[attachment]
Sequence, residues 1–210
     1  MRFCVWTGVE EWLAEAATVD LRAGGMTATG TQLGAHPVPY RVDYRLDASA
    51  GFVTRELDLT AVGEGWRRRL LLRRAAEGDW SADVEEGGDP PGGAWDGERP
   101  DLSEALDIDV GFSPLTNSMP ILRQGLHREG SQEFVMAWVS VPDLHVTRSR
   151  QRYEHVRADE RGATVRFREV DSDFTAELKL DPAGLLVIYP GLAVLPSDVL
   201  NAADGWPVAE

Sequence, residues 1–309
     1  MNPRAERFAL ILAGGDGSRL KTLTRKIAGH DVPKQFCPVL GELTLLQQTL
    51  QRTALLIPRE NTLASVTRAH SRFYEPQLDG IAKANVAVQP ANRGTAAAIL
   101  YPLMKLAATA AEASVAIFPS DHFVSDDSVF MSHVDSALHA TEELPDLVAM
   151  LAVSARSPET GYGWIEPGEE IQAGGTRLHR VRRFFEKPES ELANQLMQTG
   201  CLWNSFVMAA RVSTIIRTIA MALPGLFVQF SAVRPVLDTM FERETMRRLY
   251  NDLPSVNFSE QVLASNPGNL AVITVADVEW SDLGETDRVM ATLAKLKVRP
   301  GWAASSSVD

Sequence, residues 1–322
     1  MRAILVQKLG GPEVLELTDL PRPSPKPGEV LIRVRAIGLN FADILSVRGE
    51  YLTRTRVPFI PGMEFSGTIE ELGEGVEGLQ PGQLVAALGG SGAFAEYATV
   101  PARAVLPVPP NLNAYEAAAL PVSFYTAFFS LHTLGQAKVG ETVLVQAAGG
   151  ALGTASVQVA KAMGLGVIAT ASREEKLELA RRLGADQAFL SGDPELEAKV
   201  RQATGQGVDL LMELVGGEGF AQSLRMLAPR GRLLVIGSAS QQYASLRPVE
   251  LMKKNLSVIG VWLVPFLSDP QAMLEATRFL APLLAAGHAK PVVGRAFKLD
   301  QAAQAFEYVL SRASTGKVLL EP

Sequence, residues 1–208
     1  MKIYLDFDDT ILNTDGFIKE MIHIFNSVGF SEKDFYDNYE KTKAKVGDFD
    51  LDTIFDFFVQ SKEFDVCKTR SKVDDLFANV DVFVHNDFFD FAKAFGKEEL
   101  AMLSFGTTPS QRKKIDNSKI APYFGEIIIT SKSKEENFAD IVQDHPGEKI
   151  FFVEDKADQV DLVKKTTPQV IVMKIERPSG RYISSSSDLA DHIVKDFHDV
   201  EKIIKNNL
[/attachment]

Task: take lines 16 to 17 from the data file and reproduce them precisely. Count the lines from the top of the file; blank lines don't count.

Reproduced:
     1  MRAILVQKLG GPEVLELTDL PRPSPKPGEV LIRVRAIGLN FADILSVRGE
    51  YLTRTRVPFI PGMEFSGTIE ELGEGVEGLQ PGQLVAALGG SGAFAEYATV